Community associations and their members disagree from time to time. When they do, the association board attempts to resolve problems by using a three-step, problem-solving approach called alternative dispute resolution (ADR). It’s an effective and money-saving alternative to the traditional justice system; the three steps are negotiation, mediation and arbitration.
In negotiation, we identify the issues, educate each other about our needs and interests, brainstorm settlement options and hammer out our final terms. It’s an informal, cooperative process in which we can focus objectively on our interests.
Because negotiation is informal, it requires the least amount of time and expense. The board believes that when reasonable people engage in honest negotiation, this is the only step needed. But, in those unfortunate situations where we can’t find a solution, we take the second step—mediation.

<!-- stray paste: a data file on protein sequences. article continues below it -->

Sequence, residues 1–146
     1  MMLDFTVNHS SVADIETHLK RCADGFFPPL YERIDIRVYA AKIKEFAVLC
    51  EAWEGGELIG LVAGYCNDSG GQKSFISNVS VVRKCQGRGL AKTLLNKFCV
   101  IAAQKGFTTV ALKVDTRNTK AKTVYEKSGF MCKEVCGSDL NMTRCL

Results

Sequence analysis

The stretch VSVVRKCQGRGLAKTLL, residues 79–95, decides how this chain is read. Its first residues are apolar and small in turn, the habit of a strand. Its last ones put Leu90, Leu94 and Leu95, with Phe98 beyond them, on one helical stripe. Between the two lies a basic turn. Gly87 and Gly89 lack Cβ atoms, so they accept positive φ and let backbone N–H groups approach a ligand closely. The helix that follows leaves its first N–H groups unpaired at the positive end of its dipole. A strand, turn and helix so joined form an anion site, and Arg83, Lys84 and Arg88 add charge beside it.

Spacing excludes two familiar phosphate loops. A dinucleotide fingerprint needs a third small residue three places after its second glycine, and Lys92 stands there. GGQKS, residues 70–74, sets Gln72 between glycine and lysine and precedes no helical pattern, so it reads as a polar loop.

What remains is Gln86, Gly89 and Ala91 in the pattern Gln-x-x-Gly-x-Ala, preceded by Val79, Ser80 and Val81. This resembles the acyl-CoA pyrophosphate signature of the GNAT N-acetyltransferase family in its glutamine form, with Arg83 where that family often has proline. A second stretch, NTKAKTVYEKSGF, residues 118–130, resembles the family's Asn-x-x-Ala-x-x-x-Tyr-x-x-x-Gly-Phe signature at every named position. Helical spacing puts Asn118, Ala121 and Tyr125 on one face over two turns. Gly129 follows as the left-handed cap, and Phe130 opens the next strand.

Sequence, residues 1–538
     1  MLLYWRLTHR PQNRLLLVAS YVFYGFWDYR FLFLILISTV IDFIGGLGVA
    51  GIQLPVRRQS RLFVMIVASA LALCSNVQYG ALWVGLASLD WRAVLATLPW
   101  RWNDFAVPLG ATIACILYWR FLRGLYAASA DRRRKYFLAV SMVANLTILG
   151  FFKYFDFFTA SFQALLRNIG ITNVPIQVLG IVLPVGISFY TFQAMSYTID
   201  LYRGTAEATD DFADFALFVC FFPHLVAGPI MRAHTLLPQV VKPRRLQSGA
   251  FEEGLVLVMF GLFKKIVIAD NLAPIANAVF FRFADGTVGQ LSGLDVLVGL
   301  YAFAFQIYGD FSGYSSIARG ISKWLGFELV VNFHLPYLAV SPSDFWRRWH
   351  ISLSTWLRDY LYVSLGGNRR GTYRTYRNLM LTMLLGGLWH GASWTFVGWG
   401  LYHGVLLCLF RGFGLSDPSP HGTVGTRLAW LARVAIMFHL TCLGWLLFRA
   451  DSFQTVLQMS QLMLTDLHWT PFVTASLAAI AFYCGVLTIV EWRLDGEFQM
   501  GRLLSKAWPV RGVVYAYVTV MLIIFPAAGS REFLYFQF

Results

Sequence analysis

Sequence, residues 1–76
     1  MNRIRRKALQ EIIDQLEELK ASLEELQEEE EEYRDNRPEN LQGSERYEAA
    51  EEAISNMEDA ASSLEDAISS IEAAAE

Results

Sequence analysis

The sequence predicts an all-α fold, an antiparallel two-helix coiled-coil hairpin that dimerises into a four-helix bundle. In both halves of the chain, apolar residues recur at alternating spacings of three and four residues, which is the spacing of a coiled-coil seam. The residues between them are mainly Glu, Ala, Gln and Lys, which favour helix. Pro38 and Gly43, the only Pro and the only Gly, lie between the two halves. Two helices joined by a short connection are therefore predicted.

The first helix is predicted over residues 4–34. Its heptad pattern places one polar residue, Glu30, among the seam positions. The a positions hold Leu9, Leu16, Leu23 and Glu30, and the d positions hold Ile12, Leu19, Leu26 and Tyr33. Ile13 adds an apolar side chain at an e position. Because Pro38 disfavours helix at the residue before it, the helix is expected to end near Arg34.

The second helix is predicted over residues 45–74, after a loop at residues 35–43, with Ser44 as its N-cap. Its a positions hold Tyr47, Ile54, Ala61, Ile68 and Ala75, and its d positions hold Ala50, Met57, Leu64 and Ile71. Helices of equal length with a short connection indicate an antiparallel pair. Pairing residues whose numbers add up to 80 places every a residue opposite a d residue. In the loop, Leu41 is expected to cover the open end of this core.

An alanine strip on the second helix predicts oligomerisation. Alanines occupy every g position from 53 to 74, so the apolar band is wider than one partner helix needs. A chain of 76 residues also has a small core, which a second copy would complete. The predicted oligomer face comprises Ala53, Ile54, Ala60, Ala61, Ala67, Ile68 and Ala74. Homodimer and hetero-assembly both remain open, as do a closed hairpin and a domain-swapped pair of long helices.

In mediation, a neutral, trained mediator resolves conflict between two or more parties. Mediation is collaborative, but it does require a little more time and money. It tends to preserve relationships because the people involved create their own settlement agreements, which are not legally binding unless everyone agrees to formalize them. If mediation doesn’t work, there’s still one more step to take before we all head off to court—arbitration.
Arbitration is a formal process that can require considerable time and money—but usually less than lawsuits, which motivates the board to resolve disputes before we reach this final step.
Arbitrators are usually highly trained legal experts who render final, legal decisions based on evidence and testimony. Only under limited circumstances can the arbitrator’s decision be appealed to the courts.
The board subscribes to ADR to conserve your resources. Clearly, the more steps we take, the more we have to pay. Fees for negotiators, mediators or arbitrators would be paid out of your pocket—in the form of assessments—and we’d rather avoid that whenever possible.